As anyone who’s watched an episode of the TV show or turned a few pages of the magazine will tell you, the folks over at TopGear have a penchant for absurdity. From converting a Reliant Robin into a space shuttle, to carting around half-rotten cow carcasses, to driving a homemade miniature car through a library, these loons eschew common sense like it’s a skin disease. Which is why the hybrid hypercars from Ferrari, Porsche, and McLaren suit them perfectly.
Let me explain. These three machines represent the very finest of the automotive world, with extremes of every conceivable sense practically dripping from their carbon-composite body panels. They are hugely powerful, immensely quick, technologically advanced beyond comprehension, and breathtakingly good looking.
They are also completely unattainable, and utterly unusable. At around a million dollars per example, the vast majority of these cars will not see much road use, nor will they have every tenth wrung out of them on a track. These vehicles may be masterpieces of engineering and design. They may be heralds of petrol-powered potential. But they are also, in a word, absurd.
Which is exactly why everyone likes them so much.
At a minute and a half, this video showcases these ridiculously incredible speed machines howling their engines, sliding around, and generally being awesome. Sound good? Thought so.
Click past the jump to read about these hybrid hypercars.
It’s quite the audacious statement for an automaker to name a car after itself, but Ferrari is not known to be the kind of organization that will shy away from doing something daring.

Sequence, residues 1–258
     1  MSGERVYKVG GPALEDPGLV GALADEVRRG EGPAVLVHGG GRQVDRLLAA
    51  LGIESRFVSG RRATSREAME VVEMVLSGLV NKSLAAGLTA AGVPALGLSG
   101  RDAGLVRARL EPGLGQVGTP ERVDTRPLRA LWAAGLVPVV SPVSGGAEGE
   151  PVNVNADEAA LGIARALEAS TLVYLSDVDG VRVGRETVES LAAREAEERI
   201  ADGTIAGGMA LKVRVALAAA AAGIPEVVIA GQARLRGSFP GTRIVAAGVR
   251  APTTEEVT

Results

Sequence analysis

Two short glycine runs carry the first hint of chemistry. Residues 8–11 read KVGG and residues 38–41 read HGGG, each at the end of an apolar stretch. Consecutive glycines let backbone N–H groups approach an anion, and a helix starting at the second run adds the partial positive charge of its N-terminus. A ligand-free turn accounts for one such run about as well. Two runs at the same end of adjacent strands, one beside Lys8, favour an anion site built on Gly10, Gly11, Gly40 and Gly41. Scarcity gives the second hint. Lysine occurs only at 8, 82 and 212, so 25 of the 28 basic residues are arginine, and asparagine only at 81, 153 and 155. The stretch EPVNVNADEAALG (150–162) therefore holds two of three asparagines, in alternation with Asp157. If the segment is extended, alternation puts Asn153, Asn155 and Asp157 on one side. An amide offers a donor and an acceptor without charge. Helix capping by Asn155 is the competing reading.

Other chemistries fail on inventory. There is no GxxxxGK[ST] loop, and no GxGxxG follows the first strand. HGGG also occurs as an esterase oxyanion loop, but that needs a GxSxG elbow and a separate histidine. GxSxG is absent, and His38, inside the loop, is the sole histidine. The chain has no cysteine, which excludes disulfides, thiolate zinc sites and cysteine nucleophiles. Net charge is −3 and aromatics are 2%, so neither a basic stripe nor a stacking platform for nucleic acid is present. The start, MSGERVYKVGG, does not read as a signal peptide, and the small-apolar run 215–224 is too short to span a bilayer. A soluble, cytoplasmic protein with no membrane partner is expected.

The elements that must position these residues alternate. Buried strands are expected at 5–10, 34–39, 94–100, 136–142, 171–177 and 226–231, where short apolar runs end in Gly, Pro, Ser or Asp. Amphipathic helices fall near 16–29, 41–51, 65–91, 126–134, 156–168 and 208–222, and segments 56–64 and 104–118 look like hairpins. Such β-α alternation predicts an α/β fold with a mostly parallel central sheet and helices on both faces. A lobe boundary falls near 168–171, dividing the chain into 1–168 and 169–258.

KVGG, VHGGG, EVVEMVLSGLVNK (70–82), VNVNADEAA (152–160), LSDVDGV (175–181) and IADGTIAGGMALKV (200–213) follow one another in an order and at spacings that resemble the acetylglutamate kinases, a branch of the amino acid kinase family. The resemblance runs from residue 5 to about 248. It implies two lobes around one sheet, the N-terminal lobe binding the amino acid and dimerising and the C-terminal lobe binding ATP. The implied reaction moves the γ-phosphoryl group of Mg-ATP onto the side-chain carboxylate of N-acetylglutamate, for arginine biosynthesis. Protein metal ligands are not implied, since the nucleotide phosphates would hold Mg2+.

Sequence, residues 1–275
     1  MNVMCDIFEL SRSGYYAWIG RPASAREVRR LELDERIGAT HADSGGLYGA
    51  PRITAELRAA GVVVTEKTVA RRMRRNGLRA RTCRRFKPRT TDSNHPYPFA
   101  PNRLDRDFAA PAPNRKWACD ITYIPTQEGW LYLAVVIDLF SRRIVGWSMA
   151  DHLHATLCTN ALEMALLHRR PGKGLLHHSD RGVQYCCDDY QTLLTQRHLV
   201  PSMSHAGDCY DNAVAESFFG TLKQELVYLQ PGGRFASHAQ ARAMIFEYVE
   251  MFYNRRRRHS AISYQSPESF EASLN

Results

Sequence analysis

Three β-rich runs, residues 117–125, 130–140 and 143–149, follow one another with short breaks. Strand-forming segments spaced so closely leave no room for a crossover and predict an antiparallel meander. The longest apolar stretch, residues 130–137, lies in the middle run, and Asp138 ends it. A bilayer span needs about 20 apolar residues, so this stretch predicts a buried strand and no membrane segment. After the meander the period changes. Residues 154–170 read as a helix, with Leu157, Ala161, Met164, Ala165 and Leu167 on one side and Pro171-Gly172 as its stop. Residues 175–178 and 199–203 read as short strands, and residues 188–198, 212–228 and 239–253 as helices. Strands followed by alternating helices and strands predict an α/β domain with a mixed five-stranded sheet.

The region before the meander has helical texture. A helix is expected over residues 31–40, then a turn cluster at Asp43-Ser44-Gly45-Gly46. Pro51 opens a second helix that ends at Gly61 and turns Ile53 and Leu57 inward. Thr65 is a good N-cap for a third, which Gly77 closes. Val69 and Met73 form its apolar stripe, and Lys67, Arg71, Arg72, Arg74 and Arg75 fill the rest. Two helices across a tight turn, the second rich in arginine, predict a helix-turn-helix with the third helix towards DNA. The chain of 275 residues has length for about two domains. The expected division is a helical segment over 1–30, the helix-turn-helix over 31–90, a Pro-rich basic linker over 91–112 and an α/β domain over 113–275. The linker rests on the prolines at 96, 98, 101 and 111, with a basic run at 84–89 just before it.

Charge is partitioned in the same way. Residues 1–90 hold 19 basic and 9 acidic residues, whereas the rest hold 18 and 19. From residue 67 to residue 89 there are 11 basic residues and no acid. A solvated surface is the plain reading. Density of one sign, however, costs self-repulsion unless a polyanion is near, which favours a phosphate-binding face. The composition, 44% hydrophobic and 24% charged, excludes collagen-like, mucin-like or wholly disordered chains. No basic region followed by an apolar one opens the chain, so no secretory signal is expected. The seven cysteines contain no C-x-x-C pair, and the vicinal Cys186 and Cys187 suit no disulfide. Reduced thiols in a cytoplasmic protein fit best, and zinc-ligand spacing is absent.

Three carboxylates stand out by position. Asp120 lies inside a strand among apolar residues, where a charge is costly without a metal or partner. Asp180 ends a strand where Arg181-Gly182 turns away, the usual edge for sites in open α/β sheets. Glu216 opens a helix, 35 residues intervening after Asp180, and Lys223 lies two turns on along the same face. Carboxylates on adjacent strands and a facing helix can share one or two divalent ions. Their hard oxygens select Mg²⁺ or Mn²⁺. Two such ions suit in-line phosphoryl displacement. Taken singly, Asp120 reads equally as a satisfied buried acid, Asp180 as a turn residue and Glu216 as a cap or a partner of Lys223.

Therefore, the Ferrari squared sports the absolute best that Maranello can offer. 963 horsepower and 663 pound-feet of torque are wrangled from a 6.3-liter, V-12, gasoline engine and two electric motors, which sends thrust to the rear wheels via a seven-speed, dual-clutch transmission. The batteries are charged via an energy reclamation system called HY-KERS, something Ferrari originally designed for use in its Formula 1 cars. The aerodynamics were also inspired by that top echelon of motorsport, with a drag coefficient of nearly 0.3 spread out amongst the downforce-generating wings and spoilers. The sprint to 60 is demolished in three seconds flat, while top speed is rated at 217 mph.
Stuttgart interjects with its own variety of perfectly balanced absurdity in the form of the 918 Spyder. Using a multiplicity of composites for just about every component on the vehicle, including the carbon-fiber-reinforced-plastic monocoque, the 918 trims the fat to an obsessive degree. And while a 3,700-pound curb weight might not sound that impressive, it starts to make sense when you consider a 4.6-liter V-8, two electric motors, and all-wheel-drive to make the thing go.
Horsepower totaling 887 and 940 total pound-feet of torque give the 918 a 0-to-60 time of under three seconds and a top speed of 211 mph. For anyone left wanting more, there’s the Weissach package, which shaves off an additional 77 pounds from the curb weight and another two tenths from that 0-to-60.
Back in the 90s, McLaren made another absurd car called the F1. It came with all the right features, like big power, low weight, and high tech. This vehicle was a prophecy of sorts, because 15 years later, the British carmaker released the even crazier P1.
Everything on the P1 is configurable and changeable. It automatically adjusts its suspension, aerodynamics, and drivetrain to deliver the best possible performance, given the conditions. Mounted in the middle is a twin-turbo, 3.8-liter, V-8 flamethrower with an electric motor playing backup. A seven-speed, dual-clutch transmission keeps the revs a-coming, while the carbon-ceramic brakes mounted in the front are big enough to stop a planet. Pirelli P-Zero Corsa tires offer unending grip. The final result of all this technology is a 2.6 0-to-60 and 217 mph top speed.